Venezuelan revolutionary leader Juan Guaido officially requested aid from the U.S. military in ousting Venezuelan dictator Nicolas Maduro.
An official in Guaido’s camp sent a letter Saturday to Navy Admiral Craig Fuller, head of U.S. Southern Command (SouthCom), requesting assistance in “strategic and operations planning” to take down Maduro. The U.S., along with more than 50 other countries, recognizes Guaido as the legitimate president of Venezuela.
In light of the uninvited foreign forces inside #Venezuela, the administration of Interim President @jguaido has officially requested the support of @Southcom in strategic & operational planning. pic.twitter.com/xvr3yCTKih
— Marco Rubio (@marcorubio) May 13, 2019
“As you know, the conditions in Venezuela worsen, as a consequence of the corrupt and incompetent regime of Nicolas Maduro, which tragically, has national security consequences in Venezuela and among her neighbors,” Guiado’s U.S. envoy Carlos Vecchio wrote.
“Of equal concern is the impact of the presence of uninvited foreign forces that place our country and others at risk,” Vecchio continued, likely referencing the members of the Russian military that are in Venezuela to bolster the Maduro regime. (RELATED: Pence Says Russian Military Personnel In Venezuela Is ‘An Unwelcome Provocation’)
Guaido’s request for U.S. military assistance comes several weeks after the revolutionary leader led a failed uprising against Maduro. In a three-minute video released on April 30, Guaido called for the Venezuelan military to take up arms and force out the dictator.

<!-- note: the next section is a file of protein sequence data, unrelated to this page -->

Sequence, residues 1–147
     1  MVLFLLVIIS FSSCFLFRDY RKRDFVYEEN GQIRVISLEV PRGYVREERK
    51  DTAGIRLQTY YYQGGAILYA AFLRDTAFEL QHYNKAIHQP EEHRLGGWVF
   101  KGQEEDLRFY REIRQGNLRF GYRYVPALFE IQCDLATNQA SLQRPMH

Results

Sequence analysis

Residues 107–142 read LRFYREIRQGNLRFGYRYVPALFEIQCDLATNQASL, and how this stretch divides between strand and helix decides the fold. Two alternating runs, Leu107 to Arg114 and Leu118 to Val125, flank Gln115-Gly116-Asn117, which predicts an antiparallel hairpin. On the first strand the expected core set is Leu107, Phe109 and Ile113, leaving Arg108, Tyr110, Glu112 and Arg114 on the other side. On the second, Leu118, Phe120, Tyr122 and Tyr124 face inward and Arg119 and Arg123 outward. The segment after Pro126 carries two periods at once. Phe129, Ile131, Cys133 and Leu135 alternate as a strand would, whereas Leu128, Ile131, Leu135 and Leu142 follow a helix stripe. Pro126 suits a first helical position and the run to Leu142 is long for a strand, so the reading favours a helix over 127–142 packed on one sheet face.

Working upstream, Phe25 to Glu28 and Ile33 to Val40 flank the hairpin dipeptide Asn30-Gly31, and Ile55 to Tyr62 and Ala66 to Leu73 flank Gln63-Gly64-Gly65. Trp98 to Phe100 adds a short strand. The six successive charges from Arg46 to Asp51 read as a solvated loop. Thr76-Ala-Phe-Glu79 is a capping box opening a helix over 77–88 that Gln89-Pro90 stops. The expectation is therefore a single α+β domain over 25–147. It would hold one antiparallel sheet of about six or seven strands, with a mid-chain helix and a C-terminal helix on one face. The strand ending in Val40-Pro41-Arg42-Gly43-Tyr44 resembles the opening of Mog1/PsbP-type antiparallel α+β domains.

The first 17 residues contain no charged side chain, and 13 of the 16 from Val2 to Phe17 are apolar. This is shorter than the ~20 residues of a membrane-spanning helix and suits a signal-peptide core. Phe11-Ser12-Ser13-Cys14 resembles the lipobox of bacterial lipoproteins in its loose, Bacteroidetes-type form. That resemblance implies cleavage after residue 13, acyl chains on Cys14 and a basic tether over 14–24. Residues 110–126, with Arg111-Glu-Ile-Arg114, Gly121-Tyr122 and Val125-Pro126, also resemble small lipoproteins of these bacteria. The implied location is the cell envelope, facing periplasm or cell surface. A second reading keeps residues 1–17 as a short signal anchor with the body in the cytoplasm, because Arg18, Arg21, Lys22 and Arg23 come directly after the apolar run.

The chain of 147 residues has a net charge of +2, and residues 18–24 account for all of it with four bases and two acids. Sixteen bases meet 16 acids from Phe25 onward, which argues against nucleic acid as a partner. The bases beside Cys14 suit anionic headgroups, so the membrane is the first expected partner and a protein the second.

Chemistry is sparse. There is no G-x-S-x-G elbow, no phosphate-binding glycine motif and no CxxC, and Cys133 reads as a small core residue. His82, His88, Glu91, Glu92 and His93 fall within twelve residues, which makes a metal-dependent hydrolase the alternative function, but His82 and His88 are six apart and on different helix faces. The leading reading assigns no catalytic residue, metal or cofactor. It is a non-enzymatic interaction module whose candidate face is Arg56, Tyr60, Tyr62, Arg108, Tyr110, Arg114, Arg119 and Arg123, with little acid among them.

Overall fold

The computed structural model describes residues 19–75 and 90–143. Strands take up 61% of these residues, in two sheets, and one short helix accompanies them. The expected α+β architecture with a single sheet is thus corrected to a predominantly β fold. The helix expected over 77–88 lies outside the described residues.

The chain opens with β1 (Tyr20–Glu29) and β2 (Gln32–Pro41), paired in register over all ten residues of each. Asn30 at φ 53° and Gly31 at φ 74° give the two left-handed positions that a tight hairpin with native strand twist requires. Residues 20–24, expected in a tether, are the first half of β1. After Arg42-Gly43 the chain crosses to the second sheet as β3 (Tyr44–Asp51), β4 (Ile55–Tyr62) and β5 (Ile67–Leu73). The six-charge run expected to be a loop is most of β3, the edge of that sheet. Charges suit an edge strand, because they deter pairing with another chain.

Maduro held onto power throughout several days of intense protests that resulted in the deaths of at least five people and left dozens of others injured. Maduro had been preparing to exit the country, but Maduro’s allies from the Kremlin convinced him to stay. Maduro also has strong alliances with China and Cuba.
Reports suggest that Guaido believed the revolution had much more support among Venezuela’s military leaders when he made the call to oust Maduro. Just one of Venezuela’s top military officials, Gen. Manuel Figuera who is the head of secret service, joined Guaido’s cause.
Secret communications between Maduro’s top military brass and the Guaido camp reportedly broke down soon before Guaido’s call to action. It is unclear whether the talks failed because two sides could not come to terms or because the talks were sabotaged by Maduro’s double agents to begin with.
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